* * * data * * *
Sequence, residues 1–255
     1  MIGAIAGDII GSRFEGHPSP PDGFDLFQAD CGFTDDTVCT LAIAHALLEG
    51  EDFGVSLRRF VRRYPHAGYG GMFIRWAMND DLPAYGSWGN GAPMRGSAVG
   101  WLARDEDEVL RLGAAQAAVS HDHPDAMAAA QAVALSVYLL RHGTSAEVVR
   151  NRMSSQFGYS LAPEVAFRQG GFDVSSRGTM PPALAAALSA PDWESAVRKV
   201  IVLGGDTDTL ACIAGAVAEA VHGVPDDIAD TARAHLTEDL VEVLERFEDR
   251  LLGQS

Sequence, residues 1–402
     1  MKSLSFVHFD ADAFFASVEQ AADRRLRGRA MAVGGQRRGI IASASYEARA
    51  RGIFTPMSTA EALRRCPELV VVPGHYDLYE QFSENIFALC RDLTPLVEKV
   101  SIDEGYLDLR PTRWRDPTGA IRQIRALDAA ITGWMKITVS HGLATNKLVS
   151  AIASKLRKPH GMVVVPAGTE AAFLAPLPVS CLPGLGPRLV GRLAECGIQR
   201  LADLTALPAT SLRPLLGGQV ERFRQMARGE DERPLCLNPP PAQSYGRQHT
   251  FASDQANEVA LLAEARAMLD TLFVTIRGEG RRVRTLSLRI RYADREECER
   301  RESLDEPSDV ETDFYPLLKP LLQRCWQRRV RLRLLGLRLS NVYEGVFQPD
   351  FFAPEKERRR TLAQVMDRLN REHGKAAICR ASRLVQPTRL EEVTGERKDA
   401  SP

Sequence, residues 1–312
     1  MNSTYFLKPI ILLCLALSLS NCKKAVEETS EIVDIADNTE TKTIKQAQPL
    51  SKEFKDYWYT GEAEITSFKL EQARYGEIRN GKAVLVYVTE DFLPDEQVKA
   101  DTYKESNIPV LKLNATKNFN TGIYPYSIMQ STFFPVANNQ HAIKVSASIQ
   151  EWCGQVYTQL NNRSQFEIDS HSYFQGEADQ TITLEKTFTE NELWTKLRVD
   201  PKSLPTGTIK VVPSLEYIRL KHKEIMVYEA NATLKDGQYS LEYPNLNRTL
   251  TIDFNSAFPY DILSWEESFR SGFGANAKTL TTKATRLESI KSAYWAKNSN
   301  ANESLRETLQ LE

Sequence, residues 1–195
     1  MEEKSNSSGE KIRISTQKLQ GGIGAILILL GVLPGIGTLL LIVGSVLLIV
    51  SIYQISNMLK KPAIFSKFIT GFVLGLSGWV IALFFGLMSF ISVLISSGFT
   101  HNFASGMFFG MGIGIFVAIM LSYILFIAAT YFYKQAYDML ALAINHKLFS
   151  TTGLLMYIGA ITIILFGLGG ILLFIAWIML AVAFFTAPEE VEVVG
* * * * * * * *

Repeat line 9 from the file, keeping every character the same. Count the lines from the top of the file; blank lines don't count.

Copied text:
     1  MKSLSFVHFD ADAFFASVEQ AADRRLRGRA MAVGGQRRGI IASASYEARA